After the Maidan coup d’état and the Ukrainian bombardment of the Donbas, the Russian Federation spent eight years trying to solve the dispute by peaceful means as required under Article 2(3) of the UN Charter. The Minsk agreements were valid and moderate and would have led to durable peace, if implemented by Ukraine. The continued shelling of Donbas by Ukraine, as documented by OSCE, constituted repeated violations by Ukraine of Article 2(4) of the Charter. It is the ultima irratio to wage war on a hapless civilian population to prevent the exercise of their right of self-determination. All Russian attempts at peaceful negotiation in the context of OSCE and the Normandy Format were ignored. As late as December 2021 Russia put on the table the drafts of two treaties that would have been the basis of a fruitful dialogue pursuant to Article 2(3) of the UN Charter. Again the U.S. and NATO rejected these peaceful overtures.
Arnaud Develay: How does the argument of self-determination behind the recent referenda reconcile with the outcome in the case of Catalonia?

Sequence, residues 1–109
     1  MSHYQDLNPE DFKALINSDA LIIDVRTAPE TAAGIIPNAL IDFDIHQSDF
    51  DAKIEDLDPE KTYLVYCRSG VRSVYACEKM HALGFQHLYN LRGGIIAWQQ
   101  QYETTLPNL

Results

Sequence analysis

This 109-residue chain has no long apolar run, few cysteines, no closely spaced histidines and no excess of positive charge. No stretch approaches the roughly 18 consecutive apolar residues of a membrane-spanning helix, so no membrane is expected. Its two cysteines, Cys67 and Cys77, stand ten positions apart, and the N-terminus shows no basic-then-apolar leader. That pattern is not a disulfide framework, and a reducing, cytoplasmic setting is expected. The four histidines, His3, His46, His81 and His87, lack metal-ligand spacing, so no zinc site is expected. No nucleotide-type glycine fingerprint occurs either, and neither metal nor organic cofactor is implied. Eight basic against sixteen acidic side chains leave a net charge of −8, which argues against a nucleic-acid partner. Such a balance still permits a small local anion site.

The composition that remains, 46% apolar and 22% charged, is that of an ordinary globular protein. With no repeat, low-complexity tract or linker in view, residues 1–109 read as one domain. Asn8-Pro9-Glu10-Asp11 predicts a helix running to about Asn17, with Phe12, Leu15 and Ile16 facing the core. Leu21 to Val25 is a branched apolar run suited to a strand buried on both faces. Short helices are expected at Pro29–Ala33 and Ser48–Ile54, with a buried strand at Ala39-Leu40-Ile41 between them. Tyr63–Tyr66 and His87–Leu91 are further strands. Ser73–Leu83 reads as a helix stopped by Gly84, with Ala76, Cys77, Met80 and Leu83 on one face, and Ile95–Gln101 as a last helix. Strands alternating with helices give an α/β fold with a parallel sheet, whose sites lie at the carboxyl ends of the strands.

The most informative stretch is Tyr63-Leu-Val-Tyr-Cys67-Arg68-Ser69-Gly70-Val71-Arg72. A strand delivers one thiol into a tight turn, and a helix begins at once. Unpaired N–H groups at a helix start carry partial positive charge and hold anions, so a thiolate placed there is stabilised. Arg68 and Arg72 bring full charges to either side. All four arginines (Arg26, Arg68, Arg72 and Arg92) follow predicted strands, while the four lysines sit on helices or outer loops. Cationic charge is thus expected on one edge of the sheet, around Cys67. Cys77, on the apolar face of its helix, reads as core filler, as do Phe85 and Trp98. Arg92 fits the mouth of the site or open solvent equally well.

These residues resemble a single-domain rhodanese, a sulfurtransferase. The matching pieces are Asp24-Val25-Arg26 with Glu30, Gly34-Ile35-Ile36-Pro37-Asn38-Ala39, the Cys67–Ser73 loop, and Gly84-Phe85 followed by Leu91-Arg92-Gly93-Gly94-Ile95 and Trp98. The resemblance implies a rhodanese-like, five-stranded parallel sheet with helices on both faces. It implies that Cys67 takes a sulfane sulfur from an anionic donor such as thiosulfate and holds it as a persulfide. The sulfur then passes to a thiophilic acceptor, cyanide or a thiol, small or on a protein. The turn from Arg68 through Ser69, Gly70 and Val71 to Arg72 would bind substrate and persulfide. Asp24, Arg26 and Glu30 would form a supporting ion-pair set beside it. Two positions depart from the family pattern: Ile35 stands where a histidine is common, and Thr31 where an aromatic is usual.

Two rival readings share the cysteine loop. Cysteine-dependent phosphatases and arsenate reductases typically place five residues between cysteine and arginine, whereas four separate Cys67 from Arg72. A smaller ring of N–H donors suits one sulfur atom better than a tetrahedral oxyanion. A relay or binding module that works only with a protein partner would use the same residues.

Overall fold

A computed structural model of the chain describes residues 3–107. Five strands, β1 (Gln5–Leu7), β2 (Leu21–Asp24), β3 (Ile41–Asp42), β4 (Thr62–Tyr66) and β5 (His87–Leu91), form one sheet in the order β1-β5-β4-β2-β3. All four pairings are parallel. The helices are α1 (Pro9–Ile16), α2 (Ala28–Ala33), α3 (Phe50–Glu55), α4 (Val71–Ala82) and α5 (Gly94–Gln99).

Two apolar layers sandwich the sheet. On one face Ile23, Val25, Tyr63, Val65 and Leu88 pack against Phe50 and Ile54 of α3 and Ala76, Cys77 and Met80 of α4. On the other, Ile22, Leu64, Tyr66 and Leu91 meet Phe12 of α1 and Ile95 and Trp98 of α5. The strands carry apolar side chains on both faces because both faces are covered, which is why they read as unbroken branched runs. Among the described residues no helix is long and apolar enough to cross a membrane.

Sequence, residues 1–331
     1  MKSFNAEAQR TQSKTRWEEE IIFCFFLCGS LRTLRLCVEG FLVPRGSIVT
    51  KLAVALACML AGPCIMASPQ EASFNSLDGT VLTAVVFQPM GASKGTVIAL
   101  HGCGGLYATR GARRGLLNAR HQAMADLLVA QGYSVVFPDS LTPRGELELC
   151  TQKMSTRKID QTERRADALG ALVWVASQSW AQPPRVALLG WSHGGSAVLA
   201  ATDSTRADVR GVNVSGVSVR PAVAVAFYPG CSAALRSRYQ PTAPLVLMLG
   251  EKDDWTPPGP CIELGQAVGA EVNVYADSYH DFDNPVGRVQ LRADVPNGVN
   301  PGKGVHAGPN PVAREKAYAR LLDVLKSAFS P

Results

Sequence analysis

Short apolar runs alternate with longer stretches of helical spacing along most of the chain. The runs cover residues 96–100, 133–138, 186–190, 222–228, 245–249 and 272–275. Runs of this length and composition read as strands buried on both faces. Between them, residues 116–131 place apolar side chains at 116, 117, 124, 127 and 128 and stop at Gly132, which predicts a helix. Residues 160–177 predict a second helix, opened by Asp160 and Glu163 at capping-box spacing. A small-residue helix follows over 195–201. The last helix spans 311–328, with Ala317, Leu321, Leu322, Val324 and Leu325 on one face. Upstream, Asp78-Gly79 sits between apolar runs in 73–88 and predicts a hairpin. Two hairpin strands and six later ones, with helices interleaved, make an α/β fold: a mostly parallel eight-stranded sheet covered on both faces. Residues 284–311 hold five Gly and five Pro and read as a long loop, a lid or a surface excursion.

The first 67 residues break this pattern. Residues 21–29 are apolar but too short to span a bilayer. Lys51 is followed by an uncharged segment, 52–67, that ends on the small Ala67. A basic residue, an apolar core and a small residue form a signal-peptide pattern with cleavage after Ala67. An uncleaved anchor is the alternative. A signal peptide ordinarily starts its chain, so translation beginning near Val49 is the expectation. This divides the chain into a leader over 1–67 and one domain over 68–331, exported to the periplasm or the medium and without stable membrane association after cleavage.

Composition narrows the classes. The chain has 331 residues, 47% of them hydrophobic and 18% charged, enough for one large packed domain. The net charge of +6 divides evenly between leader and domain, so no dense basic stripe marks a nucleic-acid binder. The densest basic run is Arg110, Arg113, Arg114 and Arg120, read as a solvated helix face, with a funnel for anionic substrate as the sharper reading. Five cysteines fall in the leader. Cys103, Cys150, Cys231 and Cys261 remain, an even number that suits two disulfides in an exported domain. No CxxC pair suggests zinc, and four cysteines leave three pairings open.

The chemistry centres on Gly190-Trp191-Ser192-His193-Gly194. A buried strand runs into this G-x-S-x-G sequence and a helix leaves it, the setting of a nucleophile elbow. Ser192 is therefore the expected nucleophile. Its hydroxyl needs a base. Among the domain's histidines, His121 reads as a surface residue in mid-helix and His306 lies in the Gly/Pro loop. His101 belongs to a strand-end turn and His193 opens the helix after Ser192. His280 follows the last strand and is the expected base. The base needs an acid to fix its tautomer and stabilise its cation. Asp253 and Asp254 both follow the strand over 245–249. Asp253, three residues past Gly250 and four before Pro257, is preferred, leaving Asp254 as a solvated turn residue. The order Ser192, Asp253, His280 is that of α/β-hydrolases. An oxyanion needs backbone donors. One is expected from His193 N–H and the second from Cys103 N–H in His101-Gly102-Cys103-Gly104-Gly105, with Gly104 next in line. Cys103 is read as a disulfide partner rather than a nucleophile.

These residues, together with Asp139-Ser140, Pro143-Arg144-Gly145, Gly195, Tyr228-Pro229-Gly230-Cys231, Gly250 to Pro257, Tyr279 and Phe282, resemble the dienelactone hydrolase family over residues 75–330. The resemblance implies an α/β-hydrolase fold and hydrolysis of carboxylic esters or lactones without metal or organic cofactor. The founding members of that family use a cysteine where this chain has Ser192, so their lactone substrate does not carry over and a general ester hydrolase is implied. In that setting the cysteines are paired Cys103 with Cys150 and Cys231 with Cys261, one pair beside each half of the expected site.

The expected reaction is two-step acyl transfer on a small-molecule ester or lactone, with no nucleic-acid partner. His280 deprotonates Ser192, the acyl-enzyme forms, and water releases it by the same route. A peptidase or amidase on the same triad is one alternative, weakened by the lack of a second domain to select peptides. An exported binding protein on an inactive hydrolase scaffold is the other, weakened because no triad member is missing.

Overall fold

Alfred de Zayas: Article 1 of the International Covenant on Civil and Political Rights is clear—all peoples have the right of self determination—not only formerly colonial peoples. This includes Estonia, Latvia, Lithuania, Slovenia, Croatia and Kosovo. It also includes the Catalans, the Crimeans, the Donbas population, the peoples of Nagorno Karabakh, Abkhazia and Southern Ossetia. Rights holders of self-determination are peoples—duty-bearers are States, which do not have a prerogative to grant or deny self-determination.
Of course, self-determination is not co-terminous with secession. According to the doctrine of internal self-determination, a people has a right to exercise it through internal self-determination in the form of autonomous status (as envisaged in the Minsk agreements). Ideally, self-determination should be preceded by reliable referenda, organized and monitored by the United Nations, as was the case in Timor-Leste, Sudan and Ethiopia/Eritrea. The UN failed the Ukrainian and Russian peoples when it failed to organize referenda in 1991, when Ukraine unilaterally seceded from the Soviet Union, or at the latest following the unconstitutional coup d’état against the democratically elected President of Ukraine Viktor Yanukovych.
Arnaud Develay: Did the ICJ open a Pandora’s box with its 2010 decision bearing on the legality of Kosovo’s unilateral declaration of independence?